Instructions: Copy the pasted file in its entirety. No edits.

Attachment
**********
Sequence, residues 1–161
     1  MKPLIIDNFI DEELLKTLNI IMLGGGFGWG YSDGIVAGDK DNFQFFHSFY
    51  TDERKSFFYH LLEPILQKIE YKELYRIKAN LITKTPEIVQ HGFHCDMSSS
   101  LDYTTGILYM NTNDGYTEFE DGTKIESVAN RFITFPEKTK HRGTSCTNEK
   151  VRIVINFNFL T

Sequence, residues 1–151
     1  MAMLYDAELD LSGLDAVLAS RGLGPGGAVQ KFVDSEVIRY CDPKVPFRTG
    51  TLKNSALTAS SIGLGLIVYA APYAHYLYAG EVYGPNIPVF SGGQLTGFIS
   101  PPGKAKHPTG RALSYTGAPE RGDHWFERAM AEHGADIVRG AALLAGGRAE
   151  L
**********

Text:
Sequence, residues 1–161
     1  MKPLIIDNFI DEELLKTLNI IMLGGGFGWG YSDGIVAGDK DNFQFFHSFY
    51  TDERKSFFYH LLEPILQKIE YKELYRIKAN LITKTPEIVQ HGFHCDMSSS
   101  LDYTTGILYM NTNDGYTEFE DGTKIESVAN RFITFPEKTK HRGTSCTNEK
   151  VRIVINFNFL T

Sequence, residues 1–151
     1  MAMLYDAELD LSGLDAVLAS RGLGPGGAVQ KFVDSEVIRY CDPKVPFRTG
    51  TLKNSALTAS SIGLGLIVYA APYAHYLYAG EVYGPNIPVF SGGQLTGFIS
   101  PPGKAKHPTG RALSYTGAPE RGDHWFERAM AEHGADIVRG AALLAGGRAE
   151  L